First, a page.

Upgrade Printrbot Simple Metal Firmware to Marlin 2.0
Updated: Dec 27, 2020
One of the first things I wanted to do after resurrecting my Printrbot Simple Metal 3D printer was to make sure it was running up to date firmware for the best print experience and compatibility with the latest printer software. The Printrboard that drives the Printrbot originally shipped with an early version of a customized Marlin 1.x firmware.
These instructions were tested on my Printrboard Rev. F5 with auto-leveling probe and XL (250mm heated) print bed. I also have a Printrboard Rev D which is no longer installed in a Printrbot. I was able to successfully upgrade this board as well, but did not perform any actual print tests, only confirmed I could execute g-code commands.
You can check your hardware revision by looking right on the board itself.
WARNING: Improperly flashing your Printrboard could result in damage. Altering your Printrboard settings could result in damage to your Printrbot. I'm sharing what worked for me, but I make no promise it will work for anyone else. Proceed at your own risk!
Step 1 - Save Existing Settings
Run command M503 (report settings) to output your current Printrboard EEPROM settings. Save these.
Steps per unit: M92 X79.50 Y79.50 Z2020.00 E97.00 Maximum feedrates (mm/s): M203 X125.00 Y125.00 Z5.00 E14.00 Maximum Acceleration (mm/s2): M201 X2000 Y2000 Z30 E10000 Acceleration: S=acceleration, T=retract acceleration M204 S3000.00 T3000.00 Advanced variables: S=Min feedrate (mm/s), T=Min travel feedrate (mm/s), B=minimum segment time (ms), X=maximum XY jerk (mm/s), Z=maximum Z jerk (mm/s), E=maximum E jerk (mm/s) M205 S0.00 T0.00 B20000 X20.00 Z0.40 E5.00 Home offset (mm): M206 X0.00 Y0.00 Z0.00 PID settings: M301 P22.20 I1.08 D114.00 Min position (mm): M210 X0.00 Y0.00 Z0.00 Max position (mm): M211 X250.00 Y152.40 Z152.40 Bed probe offset (mm): M212 X27.00 Y0.00 Z-0.70
Step 2 - Install Build Tools
I used MacOS, but I believe this should work on other platforms as well.
Install Visual Studio Code.
Open VS Code and install the Auto Build Marlin extension. This will also automatically install the PlatformIO extension.
Step 3 - Download Marlin bugfix-2.0.x Source Code
Download from MarlinFW.org or clone directly from GitHub.
git clone -b bugfix-2.0.x https://github.com/MarlinFirmware/Marlin.git
Note: I did try this on the latest stable release (188.8.131.52 as of this post) but was unsuccessful. A little internet research suggests it might be some USB related bug. If you try it and have better luck, let me know!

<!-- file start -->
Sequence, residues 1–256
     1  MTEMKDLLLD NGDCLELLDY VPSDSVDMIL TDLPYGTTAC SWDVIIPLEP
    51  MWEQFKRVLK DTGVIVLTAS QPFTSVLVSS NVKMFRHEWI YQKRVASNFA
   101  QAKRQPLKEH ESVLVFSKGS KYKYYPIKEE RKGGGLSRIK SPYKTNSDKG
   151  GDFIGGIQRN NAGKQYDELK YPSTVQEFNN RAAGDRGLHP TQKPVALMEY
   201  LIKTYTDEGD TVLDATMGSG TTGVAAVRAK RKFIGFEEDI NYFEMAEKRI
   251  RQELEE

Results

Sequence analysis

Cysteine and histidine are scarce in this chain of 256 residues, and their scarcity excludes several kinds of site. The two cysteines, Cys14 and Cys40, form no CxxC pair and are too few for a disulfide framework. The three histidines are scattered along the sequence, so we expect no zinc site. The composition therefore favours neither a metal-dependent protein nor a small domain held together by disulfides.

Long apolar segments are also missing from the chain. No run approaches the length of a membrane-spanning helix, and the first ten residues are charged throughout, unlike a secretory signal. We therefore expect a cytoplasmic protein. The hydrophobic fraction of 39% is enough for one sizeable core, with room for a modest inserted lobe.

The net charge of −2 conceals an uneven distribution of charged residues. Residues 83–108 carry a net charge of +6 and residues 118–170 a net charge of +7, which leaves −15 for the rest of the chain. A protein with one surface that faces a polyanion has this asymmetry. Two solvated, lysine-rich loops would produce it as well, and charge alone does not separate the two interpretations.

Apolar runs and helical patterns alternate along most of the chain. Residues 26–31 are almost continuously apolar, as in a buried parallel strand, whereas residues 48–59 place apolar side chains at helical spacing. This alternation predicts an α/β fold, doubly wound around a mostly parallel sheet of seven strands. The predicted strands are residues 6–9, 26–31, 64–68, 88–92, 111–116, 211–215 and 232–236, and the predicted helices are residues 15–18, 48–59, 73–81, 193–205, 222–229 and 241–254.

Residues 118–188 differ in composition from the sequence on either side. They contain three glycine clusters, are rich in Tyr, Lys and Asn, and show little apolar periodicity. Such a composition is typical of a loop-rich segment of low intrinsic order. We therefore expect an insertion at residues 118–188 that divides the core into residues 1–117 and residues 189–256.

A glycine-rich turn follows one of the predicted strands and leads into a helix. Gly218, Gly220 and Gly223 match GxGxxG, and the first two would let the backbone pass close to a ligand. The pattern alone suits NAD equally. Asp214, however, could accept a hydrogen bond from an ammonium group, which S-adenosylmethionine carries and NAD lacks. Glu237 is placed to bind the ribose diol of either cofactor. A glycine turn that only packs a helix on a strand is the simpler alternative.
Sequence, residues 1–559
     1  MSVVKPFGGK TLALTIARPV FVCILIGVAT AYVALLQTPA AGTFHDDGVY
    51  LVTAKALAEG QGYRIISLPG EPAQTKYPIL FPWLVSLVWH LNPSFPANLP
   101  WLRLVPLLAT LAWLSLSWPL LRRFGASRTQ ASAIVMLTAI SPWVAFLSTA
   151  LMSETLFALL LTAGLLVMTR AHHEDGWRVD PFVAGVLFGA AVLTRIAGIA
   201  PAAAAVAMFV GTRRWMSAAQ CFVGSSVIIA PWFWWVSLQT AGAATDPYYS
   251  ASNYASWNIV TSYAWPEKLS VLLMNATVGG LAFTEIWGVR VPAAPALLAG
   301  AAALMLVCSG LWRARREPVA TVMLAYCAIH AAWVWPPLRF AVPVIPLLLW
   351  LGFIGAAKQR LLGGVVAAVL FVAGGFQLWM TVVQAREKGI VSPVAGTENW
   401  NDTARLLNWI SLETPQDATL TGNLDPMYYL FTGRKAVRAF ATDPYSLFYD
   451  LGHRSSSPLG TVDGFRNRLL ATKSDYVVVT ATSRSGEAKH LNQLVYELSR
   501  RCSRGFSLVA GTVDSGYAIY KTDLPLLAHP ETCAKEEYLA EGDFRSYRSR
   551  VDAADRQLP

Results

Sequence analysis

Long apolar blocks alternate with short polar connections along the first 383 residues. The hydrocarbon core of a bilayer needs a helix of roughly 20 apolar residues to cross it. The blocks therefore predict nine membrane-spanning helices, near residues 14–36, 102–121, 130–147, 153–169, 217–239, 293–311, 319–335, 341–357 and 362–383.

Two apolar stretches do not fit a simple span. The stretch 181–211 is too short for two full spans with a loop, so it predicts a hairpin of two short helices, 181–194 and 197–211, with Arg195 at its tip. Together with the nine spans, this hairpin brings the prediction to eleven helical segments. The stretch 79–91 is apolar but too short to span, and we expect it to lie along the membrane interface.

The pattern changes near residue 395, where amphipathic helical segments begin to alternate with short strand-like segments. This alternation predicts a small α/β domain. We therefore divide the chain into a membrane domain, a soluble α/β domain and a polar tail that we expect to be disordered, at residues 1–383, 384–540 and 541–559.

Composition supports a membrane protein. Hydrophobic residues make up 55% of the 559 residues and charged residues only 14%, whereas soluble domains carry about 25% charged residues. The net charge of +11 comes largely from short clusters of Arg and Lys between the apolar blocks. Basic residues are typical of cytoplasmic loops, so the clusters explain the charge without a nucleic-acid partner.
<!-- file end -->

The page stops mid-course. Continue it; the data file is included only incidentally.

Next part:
Step 4 - Customize Settings for Printrbot
Replace ./Marlin/Marlin/Configuration.h and ./Marlin/Marlin/Configuration_adv.h in the downloaded Marlin source code with versions customized for Printrboard.
Note: My version of these files is based on the the Marlin 2.0.1 configuration files published on the official Printrbot GitHub repo. You can also view the changes side by side with the default values.
G-Code commands M210 and M211 function differently in Marlin 2.0 than in the Printrbot Marlin version. In the Printrbot version M210 and M211 could be used to set the software Min and Max endstops. In the Marlin 2.0 version, M210 is missing and M211 can now be used to enable or disable the endstops, but not to change the value. Consider now if you need to adjust these values for your printer and remember you can check your M210 and M211 output from Step 1 for your current settings.
In particular consider if you have the standard print bed or the XL print bed. I've provided sample values for each.
// The size of the print bed //#define X_BED_SIZE 152 // Printrbot standard print bed #define X_BED_SIZE 254 // Printrbot XL print bed #define Y_BED_SIZE 152 // Travel limits (mm) after homing, corresponding to endstop positions. #define X_MIN_POS 0 #define Y_MIN_POS 0 #define Z_MIN_POS 0 #define X_MAX_POS X_BED_SIZE #define Y_MAX_POS Y_BED_SIZE #define Z_MAX_POS 135 // Printrbot default is 152. This is too high for my Printrbot.
Step 5 - Build Firmware
From VS Code, select File > Open... and select the Marlin source code folder. Open the main folder which contains the platformio.ini file, NOT the Marlin sub-folder where configuration.h is.